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574 Minimally invasive NGS approach for the detection and follow-up of endometrial cancer patients
  1. Carlos Casas Arozamena1,2,3,
  2. Karin Teien Lande4,
  3. Juan Cueva1,
  4. Ana Vilar5,
  5. Efigenia Arias5,
  6. Victoria Sampayo5,
  7. Eva Colás3,6,
  8. Silvia Cabrera6,
  9. Antonio Gil-Moreno6,7,3,
  10. Miguel Abal1,3,
  11. Kristina Lindemann8,9,
  12. Therese Sørlie4,8 and
  13. Laura Muinelo-Romay1,2,3
  1. 1Translational Medical Oncology Group (Oncomet), Health Research Institute of Santiago de Compostela (IDIS),University Hospital of Santiago de Compostela (SERGAS), Trav. Choupana s/n, 15706, Santiago De Compostela, Spain
  2. 2University of Santiago de Compostela (USC), Praza do Obradoiro, 0, 15705, Santiago de Compostela, Spain
  3. 3Centro de Investigación Biomédica en Red de Cáncer (CIBERONC), Madrid, Spain
  4. 4Department of Cancer Genetics, Institute for Cancer Research, Oslo University Hospital, Oslo, Norway
  5. 5Department of Gynaecology, University Clinical Hospital of Santiago de Compostela (SERGAS), Trav. Choupana s/n, 15706, Santiago De Compostela, Spain
  6. 6Biomedical Research Group in Gynecology, Vall d’Hebron Research Institute (VHIR), Universitat Autonoma de Barcelona, 119–129 Pg. Vall d’Hebron, 08035, Barcelona, Spain
  7. 7Gynecology Department, Vall Hebron University Hospital, Barcelona, Spain
  8. 8Institute for Clinical Medicine, Faculty of Medicine, University of Oslo, Oslo, Norway
  9. 9Department of Gynaecological Oncology, Division of Cancer Medicine, Oslo University Hospital, Oslo, Norway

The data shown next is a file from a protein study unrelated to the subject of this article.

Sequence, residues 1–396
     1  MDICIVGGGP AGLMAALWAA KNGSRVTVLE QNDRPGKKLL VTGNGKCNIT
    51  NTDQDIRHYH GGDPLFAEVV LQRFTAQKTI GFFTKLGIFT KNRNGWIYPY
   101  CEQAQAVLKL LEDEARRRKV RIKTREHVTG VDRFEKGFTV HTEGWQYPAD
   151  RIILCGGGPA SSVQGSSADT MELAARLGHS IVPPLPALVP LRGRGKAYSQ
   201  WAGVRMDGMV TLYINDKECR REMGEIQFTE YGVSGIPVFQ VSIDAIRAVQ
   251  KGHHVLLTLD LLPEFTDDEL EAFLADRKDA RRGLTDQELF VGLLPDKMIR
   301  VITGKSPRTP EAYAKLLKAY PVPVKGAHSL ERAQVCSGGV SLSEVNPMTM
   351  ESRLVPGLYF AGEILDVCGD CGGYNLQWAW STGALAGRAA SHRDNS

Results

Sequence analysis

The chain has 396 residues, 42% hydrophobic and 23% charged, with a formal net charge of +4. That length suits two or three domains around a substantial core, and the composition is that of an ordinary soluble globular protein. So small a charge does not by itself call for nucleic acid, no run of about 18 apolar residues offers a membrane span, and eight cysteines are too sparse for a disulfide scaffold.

Introduction/Background Background: Minimally invasive biomarkers are a necessity in in a clinical oncology setting the clinical context. In this regard endometrial carcinomas (EC) are lacking. Although usually associated with a good prognosis, advanced EC patients show extremely poor clinical outcomes. Especially relevant in this clinical context is the lack of methods that allow for a proper and dynamic monitoring follow-up in EC. The aim of the present study is to evaluate the value of a minimally invasive NGS approach on longitudinal samples from advanced EC patients.

Methodology Peripheral blood samples (n=32) from 18 patients with EC disease were collected at surgery (n=12), at progression disease (PD) (n=10) after first line systemic treatment and at sequential progressions (n=10). Total cfDNA was isolated from 5mL of plasma using QIAamp DNA Circulating Nucleic Acid Kit. Isolated cfDNA was quantified using Qubit and integrity using the TapeStation. After quality control the cfDNA was sequenced using the Oncomine™ Pan-Cancer cell free assay with an input ranging from 4.63 to 58.24ng (Median=20.23ng).

Results Overall, 71.88% of samples (23/32) showed at least one pathogenic mutation with the variant allelic frequency ranging from 0.1% to 67.89% (Median=1.53%). Most patients presented mutations in TP53, PIK3CA and/or GNAS. Importantly, ctDNA dynamics reflect disease evolution with levels of ctDNA increasing with the development of PD. The study of longitudinal cfDNA samples with the NGS panel in EC allowed us to understand how the mutational landscape of patients behaves throughout time, with the arisen of novel mutations not found on the baseline samples, that may derive from treatment pressure.

Conclusion The study of longitudinal cfDNA samples with the NGS cell-free panel represents a comprehensive strategy for a non-tumour informed characterization of endometrial tumours that reflects the clinical evolution and even allows for the identification of novel mutations that could be used as actionable targets.

Disclosures The authors declare no conflict of interests.

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